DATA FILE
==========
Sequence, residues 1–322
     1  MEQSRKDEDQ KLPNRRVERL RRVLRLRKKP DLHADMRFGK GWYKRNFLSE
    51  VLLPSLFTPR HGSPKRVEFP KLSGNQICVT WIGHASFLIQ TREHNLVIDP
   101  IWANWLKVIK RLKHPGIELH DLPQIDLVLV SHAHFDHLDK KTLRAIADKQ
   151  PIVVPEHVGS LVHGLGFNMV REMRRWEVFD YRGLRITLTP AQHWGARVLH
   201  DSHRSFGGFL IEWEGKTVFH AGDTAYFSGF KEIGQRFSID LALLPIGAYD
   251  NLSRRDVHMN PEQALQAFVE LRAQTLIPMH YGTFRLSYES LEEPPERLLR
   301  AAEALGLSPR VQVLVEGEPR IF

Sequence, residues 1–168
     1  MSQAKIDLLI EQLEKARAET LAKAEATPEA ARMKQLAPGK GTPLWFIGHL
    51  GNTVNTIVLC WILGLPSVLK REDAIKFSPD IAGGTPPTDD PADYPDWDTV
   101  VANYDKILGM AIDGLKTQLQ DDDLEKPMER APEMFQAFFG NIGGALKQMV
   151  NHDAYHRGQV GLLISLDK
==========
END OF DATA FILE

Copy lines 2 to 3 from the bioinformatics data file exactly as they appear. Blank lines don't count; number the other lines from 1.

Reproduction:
     1  MEQSRKDEDQ KLPNRRVERL RRVLRLRKKP DLHADMRFGK GWYKRNFLSE
    51  VLLPSLFTPR HGSPKRVEFP KLSGNQICVT WIGHASFLIQ TREHNLVIDP